Background The promise of Alzheimer‘s disease biomarkers has led to their incorporation in new diagnostic criteria and in therapeutic trials; however, significant barriers exist to widespread use. Chief among these is the lack of internationally accepted standards for quantitative metrics. Hippocampal volumetry is the most widely studied quantitative magnetic resonance imaging measure in Alzheimer‘s disease and thus represents the most rational target for an initial effort at standardization. Methods and Results The authors of this position paper propose a path toward this goal. The steps include the following: (1) Establish and empower an oversight board to manage and assess the effort, (2) adopt the standardized definition of anatomic hippocampal boundaries on magnetic resonance imaging arising from the European Alzheimer‘s Disease Centers–Alzheimer‘s Disease Neuroimaging Initiative hippocampal harmonization effort as a reference standard, (3) establish a scientifically appropriate, publicly available reference standard data set based on manual delineation of the hippocampus in an appropriate sample of subjects (Alzheimer‘s Disease Neuroimaging Initiative), and (4) define minimum technical and prognostic performance metrics for validation of new measurement techniques using the reference standard data set as a benchmark. Conclusions Although manual delineation of the hippocampus is the best available reference standard, practical application of hippocampal volumetry will require automated methods. Our intent was to establish a mechanism for credentialing automated software applications to achieve internationally recognized accuracy and prognostic performance standards that lead to the systematic evaluation and then widespread acceptance and use of hippocampal volumetry. The standardization and assay validation process outlined for hippocampal volumetry was envisioned as a template that could be applied to other imaging biomarkers.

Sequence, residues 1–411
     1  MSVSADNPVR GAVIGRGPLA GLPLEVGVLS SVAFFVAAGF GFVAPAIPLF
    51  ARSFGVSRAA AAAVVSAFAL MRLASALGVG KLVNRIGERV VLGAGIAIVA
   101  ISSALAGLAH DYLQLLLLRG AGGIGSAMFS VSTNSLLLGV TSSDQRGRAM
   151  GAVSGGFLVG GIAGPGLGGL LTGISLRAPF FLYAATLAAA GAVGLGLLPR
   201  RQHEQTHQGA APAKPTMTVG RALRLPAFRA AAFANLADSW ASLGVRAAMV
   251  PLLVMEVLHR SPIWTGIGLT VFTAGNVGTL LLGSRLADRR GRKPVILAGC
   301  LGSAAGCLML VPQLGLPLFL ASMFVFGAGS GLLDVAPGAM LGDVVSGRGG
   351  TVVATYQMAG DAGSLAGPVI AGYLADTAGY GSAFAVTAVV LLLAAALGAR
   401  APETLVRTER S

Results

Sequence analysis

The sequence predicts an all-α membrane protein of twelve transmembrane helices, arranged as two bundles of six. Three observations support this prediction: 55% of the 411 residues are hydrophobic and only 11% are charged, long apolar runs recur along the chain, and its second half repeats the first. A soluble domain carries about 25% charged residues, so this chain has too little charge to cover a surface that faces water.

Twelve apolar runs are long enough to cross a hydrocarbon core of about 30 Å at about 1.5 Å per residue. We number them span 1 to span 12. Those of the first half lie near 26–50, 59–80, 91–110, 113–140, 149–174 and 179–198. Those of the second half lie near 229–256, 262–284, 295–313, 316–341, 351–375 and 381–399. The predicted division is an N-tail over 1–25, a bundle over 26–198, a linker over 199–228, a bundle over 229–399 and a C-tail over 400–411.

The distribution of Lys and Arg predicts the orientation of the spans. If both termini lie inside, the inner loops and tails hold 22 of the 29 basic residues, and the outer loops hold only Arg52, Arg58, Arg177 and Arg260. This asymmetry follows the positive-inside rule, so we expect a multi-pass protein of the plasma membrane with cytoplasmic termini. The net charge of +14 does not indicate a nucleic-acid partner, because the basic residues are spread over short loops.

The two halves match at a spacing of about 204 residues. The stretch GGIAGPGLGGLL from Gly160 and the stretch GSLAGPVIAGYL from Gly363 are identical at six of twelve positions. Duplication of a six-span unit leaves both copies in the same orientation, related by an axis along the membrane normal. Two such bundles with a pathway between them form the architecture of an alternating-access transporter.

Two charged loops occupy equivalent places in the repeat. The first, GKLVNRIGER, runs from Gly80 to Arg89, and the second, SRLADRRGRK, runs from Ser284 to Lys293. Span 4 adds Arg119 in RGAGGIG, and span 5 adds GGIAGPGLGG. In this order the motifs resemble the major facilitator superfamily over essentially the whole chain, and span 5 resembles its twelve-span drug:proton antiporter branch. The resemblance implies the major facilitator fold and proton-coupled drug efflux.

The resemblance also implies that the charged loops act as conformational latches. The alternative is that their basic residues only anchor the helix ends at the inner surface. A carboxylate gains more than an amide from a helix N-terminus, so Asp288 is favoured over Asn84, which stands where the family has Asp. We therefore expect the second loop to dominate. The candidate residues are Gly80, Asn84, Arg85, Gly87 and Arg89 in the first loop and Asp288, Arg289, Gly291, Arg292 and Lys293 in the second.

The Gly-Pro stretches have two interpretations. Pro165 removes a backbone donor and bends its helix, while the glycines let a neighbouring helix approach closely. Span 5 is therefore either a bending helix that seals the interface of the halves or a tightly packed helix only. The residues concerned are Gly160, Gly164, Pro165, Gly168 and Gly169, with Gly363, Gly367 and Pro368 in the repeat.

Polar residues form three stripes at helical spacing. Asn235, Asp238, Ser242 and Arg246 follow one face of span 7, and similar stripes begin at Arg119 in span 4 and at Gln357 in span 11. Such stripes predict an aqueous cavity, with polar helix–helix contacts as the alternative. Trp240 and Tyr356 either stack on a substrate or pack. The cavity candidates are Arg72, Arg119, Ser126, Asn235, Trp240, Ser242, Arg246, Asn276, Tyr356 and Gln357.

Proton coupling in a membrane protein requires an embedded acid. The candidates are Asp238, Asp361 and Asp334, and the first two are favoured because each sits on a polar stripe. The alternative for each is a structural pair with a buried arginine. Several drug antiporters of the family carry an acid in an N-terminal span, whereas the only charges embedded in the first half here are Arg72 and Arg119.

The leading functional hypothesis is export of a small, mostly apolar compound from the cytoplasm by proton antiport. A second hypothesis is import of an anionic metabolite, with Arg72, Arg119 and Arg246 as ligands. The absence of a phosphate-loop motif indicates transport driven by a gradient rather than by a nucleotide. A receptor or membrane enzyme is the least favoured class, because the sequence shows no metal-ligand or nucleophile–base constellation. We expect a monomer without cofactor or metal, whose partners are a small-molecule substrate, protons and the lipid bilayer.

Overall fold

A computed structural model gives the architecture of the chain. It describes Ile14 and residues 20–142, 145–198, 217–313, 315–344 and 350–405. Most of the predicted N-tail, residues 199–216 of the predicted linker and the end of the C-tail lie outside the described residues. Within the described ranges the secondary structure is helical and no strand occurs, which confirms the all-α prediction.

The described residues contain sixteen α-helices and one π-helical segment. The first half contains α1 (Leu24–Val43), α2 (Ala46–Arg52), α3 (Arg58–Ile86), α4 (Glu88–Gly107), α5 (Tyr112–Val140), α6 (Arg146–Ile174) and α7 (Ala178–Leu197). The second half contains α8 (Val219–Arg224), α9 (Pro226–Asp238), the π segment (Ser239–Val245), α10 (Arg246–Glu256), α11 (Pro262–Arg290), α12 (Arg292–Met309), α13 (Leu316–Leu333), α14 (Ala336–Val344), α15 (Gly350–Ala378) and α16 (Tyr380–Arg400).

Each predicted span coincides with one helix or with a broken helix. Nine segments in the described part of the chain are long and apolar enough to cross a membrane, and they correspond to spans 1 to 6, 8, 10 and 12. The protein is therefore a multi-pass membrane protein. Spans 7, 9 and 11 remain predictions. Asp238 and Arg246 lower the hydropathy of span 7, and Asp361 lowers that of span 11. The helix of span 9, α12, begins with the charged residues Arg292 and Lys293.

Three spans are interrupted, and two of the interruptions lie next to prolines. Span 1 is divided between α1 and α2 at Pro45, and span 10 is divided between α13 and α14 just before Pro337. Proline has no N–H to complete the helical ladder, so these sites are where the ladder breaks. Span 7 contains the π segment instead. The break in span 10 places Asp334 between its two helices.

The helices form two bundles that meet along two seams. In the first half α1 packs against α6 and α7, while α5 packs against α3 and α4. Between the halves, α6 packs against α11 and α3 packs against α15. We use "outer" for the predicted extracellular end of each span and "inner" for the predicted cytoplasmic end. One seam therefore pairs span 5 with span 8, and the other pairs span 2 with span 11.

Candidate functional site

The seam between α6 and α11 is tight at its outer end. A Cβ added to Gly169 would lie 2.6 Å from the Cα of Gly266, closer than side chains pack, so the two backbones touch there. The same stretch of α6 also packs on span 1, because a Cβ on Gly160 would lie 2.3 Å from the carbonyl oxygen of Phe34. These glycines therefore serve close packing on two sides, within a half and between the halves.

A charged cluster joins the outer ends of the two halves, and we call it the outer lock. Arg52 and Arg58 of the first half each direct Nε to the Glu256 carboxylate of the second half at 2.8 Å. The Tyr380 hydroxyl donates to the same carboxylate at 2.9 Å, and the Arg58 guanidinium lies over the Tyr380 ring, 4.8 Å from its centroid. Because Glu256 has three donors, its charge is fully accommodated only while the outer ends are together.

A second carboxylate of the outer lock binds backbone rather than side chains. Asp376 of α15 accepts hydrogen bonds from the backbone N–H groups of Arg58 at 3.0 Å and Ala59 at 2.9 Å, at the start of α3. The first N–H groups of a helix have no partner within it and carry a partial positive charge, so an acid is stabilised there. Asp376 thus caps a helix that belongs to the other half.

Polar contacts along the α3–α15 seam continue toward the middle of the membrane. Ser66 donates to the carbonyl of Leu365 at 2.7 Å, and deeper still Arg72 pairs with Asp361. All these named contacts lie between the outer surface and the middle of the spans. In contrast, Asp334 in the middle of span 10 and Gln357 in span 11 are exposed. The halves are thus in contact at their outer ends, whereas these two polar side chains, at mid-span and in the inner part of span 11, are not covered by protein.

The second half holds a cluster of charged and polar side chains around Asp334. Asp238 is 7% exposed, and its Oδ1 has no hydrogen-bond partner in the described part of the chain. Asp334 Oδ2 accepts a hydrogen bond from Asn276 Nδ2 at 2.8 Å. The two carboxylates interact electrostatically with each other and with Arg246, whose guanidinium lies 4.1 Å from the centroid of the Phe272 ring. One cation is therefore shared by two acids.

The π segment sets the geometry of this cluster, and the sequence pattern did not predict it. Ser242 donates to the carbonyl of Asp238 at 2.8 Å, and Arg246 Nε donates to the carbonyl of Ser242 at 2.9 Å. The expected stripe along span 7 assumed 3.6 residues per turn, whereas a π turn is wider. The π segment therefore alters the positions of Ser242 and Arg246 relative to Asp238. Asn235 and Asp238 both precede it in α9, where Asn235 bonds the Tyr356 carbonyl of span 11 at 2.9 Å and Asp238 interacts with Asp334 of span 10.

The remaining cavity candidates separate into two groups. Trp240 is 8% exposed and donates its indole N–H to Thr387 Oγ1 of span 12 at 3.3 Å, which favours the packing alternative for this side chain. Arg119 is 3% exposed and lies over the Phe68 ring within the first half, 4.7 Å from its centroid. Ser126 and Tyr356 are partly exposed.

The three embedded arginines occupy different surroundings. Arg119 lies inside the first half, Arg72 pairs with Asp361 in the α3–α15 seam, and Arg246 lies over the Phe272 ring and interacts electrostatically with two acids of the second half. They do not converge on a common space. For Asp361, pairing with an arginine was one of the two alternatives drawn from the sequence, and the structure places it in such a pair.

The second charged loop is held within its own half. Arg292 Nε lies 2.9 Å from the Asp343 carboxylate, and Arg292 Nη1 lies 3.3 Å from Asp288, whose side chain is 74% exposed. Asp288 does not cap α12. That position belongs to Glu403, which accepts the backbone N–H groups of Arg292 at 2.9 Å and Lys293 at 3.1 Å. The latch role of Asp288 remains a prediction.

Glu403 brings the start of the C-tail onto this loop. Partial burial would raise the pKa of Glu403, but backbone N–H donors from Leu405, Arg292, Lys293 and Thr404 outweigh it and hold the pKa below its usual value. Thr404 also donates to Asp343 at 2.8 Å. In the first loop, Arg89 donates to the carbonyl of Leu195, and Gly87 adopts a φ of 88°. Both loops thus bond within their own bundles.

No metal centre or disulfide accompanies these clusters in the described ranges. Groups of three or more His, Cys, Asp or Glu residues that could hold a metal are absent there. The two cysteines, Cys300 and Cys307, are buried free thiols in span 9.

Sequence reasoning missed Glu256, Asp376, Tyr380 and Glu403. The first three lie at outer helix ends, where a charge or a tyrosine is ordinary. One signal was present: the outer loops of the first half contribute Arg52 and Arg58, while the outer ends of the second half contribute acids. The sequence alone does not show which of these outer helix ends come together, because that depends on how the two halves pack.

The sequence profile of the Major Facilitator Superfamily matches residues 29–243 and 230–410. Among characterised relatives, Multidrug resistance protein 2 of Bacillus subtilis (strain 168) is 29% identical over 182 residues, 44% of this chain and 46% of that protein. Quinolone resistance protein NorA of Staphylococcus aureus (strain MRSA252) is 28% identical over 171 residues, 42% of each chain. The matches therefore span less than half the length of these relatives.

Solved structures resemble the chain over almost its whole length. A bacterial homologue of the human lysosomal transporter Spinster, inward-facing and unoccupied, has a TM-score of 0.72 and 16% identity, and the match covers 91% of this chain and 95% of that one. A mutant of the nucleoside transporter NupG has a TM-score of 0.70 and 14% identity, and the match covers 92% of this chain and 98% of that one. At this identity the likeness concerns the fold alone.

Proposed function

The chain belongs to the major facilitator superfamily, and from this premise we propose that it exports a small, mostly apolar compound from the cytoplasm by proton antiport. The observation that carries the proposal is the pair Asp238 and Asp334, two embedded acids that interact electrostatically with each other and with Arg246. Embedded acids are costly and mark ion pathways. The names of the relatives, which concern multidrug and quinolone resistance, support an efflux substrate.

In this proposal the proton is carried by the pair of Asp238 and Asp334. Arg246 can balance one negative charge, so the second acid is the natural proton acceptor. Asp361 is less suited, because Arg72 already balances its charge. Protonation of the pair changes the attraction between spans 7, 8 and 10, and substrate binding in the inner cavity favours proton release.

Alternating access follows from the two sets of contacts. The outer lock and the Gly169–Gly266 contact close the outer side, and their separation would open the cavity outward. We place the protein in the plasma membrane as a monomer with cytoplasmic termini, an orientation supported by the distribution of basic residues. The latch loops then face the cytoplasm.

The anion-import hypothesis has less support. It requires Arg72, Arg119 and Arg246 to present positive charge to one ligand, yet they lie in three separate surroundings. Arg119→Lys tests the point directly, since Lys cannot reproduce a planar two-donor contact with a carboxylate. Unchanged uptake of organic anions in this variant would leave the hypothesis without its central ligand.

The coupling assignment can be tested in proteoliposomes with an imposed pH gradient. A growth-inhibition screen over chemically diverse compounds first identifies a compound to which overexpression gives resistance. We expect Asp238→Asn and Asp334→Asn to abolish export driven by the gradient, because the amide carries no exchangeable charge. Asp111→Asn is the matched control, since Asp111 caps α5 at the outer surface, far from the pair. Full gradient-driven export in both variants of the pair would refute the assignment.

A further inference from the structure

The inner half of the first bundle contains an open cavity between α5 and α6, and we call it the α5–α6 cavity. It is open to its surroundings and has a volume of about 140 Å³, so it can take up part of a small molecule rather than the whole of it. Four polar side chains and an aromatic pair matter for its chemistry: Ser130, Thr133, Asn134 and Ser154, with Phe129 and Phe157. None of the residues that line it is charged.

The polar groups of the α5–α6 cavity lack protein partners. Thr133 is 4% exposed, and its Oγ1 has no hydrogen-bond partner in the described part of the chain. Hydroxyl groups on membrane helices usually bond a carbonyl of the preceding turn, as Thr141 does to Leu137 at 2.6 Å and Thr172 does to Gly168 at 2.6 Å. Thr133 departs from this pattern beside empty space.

Bradley T. Wyman , Danielle J. Harvey , Karen Crawford , Matt A. Bernstein , Owen Carmichael , Patricia E. Cole , Paul K. Crane , Charles DeCarli , Nick C. Fox , Jeffrey L. Gunter , Derek Hill , Ronald J. Killiany , Chahin Pachai , Adam J. Schwarz , Norbert Schuff , Matthew L. Senjem , Joyce Suhy , Paul M. Thompson , Paul M. Thompson and Clifford R. Jack
  The Alzheimer‘s Disease Neuroimaging Initiative (ADNI) three-dimensional T1-weighted magnetic resonance imaging (MRI) acquisitions provide a rich data set for developing and testing analysis techniques for extracting structural endpoints. To promote greater rigor in analysis and meaningful comparison of different algorithms, the ADNI MRI Core has created standardized analysis sets of data comprising scans that met minimum quality control requirements. We encourage researchers to test and report their techniques against these data. Standard analysis sets of volumetric scans from ADNI-1 have been created, comprising screening visits, 1-year completers (subjects who all have screening, 6- and 12-month scans), 2-year annual completers (screening, 1-year and 2-year scans), 2-year completers (screening, 6-months, 1-year, 18-months [mild cognitive impaired (MCI) only], and 2-year scans), and complete visits (screening, 6-month, 1-year, 18-month [MCI only], 2-year, and 3-year [normal and MCI only] scans). As the ADNI-GO/ADNI-2 data become available, updated standard analysis sets will be posted regularly.